It took me about 10 years and thousands of bars before I reached the tuning skills needed to make the perfect bars. And even with my skills and machinery, I mess up 2 bars every 5 sets.

Being a musician is actually of no importance here.You won't be able to make a decent bar, unless fcourse you're a genius by nature ;-)

Tuning a vibe bar is a bit more complicated than tuning a guitar or piano string, as it is I believe one of the few instruments where more than just the fundamental harmonic is tuned.

So go for Bills offer, it is enormously cheap.


drzagar Thu, 03/22/2012 - 09:52

In reply to by tonymiceli


I did speak with the person at Fall Creek. Interesting guy and funny. Cost he quoted was up to $800. Heck for $200 more I can buy a set on line (auction ends today). I had the aluminum cut from very high quality stock at a local shop (turns out the guys there are all musicians...go figure)and were really interested in the project. I had all the exotic wood for the frame cut by another local hard wood shop (more musicians!) and all I really need is the bars node holes drilled and the backs shaved and tuned. If I can't find SOMEONE who would tune the bars (again, they have never been touched on the back), I might consider just buying an older set, doing some refurb and away ya go ready for our next season in Sept. Suggestions?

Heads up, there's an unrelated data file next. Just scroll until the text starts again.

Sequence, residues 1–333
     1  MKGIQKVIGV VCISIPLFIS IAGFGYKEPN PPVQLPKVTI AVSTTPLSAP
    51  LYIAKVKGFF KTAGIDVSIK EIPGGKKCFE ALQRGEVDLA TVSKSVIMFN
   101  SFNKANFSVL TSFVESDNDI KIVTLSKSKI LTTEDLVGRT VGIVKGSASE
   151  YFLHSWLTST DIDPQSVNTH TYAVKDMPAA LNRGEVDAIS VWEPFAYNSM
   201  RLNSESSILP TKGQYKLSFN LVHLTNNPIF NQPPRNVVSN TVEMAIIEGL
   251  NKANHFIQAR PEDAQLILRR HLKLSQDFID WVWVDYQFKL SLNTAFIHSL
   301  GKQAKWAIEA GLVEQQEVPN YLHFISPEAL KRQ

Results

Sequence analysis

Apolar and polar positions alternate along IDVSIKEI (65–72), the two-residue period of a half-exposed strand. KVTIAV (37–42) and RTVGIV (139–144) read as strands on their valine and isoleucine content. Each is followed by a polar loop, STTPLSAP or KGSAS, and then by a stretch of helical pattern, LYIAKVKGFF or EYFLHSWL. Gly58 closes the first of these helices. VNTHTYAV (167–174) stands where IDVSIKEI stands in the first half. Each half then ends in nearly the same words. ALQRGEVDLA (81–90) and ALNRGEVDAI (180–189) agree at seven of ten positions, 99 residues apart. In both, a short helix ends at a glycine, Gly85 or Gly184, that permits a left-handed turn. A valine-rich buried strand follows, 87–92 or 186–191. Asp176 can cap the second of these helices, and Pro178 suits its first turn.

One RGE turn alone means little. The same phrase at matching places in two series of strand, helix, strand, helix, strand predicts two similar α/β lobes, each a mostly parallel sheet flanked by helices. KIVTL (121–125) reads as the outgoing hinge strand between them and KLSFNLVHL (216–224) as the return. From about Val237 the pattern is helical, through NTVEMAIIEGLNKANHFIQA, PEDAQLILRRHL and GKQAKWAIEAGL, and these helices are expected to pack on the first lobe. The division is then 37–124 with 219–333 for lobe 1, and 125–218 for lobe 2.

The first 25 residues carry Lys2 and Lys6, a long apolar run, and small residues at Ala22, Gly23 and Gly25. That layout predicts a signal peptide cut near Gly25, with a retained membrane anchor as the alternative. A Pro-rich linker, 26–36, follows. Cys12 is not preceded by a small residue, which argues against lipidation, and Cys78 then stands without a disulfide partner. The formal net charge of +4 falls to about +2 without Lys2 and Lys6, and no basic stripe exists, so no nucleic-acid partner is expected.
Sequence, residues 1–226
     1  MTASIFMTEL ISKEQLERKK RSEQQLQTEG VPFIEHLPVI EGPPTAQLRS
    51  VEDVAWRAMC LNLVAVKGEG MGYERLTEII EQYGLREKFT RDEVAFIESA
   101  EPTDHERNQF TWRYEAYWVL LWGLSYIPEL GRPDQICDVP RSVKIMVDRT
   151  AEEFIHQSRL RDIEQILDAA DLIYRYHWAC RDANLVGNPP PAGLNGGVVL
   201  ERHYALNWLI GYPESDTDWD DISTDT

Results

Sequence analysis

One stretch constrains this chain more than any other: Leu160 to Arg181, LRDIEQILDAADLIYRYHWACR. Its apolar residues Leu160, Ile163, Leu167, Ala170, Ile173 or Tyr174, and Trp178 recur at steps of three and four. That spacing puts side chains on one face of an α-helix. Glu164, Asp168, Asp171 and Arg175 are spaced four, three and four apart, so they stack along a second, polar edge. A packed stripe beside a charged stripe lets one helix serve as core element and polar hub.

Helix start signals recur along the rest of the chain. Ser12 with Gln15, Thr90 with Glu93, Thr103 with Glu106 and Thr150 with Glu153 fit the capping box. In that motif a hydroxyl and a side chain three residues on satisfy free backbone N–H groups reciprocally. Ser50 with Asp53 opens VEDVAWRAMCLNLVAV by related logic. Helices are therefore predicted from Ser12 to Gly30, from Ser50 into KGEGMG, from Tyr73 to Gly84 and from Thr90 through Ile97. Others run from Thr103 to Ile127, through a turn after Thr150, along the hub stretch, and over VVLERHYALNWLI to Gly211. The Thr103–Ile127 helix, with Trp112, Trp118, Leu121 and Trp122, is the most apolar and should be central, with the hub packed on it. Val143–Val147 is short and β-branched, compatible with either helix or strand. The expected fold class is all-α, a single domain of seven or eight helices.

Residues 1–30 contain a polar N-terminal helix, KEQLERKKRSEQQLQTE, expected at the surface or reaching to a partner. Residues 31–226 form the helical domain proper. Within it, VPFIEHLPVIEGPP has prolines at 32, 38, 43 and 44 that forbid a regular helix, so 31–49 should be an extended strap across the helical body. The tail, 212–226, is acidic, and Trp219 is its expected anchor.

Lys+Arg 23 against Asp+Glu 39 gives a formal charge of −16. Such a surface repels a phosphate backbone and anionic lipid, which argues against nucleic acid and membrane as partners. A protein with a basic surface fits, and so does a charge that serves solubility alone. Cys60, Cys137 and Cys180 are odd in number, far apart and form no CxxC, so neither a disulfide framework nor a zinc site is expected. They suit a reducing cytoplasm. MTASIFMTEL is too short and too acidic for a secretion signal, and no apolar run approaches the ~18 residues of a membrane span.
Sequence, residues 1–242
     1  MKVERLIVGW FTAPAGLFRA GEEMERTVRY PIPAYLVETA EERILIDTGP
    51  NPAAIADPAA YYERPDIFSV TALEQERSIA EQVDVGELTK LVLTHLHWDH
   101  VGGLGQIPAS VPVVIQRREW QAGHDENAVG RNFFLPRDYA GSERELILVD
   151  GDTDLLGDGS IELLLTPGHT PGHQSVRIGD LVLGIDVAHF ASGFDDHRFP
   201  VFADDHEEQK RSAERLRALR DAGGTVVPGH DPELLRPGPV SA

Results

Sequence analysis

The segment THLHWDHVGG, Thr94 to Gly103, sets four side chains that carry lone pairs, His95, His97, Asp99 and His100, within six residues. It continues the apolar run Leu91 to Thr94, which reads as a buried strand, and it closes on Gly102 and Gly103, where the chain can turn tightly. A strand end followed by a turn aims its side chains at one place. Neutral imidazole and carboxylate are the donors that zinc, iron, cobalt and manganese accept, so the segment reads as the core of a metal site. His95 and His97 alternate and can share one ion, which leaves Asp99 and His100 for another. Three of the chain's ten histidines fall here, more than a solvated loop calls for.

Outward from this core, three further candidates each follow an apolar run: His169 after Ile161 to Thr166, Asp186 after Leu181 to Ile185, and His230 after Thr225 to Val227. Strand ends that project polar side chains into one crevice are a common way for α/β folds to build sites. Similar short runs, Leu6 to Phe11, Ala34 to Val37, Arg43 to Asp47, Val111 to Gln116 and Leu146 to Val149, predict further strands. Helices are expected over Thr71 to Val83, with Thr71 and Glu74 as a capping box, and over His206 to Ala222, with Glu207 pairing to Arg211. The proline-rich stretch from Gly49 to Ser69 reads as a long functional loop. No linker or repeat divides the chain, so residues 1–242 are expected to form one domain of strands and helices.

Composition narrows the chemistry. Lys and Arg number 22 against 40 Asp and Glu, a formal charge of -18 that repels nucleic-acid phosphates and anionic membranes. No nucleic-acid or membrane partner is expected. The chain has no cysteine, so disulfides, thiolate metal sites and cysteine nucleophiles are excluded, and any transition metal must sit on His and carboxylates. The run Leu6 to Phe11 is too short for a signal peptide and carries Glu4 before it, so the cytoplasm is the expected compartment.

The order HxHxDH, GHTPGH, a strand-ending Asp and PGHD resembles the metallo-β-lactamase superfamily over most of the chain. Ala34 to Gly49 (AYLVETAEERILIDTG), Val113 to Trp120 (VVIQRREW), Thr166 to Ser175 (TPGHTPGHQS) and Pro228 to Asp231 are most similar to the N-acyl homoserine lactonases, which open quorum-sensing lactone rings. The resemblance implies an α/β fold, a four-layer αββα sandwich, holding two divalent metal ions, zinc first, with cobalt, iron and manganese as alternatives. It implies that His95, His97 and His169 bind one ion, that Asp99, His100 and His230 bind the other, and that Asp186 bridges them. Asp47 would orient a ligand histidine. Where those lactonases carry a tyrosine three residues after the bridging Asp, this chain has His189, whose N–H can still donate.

Dr. Z

tonymiceli Thu, 03/22/2012 - 18:04

In reply to by drzagar

Well it's time consuming to tune, so 800 doesn't sound out of line for me.

What size Bars will fit? Musser? Premiere? Yamaha?

And finally you said getting ready for next season. What season would that be?

F_Poser Wed, 04/04/2012 - 06:01

For tuning vibes/marimba/xylophone bars I can highly recommend Mr. Gilberto Serna the master tuner of the former Deagan Company - now Centurymallet. This guy seems to know everything about the tuning of bar instruments and he is very very experienced (which is a very important quality criterion for my opinion). For me he is "the man"!
If you want to contact him go to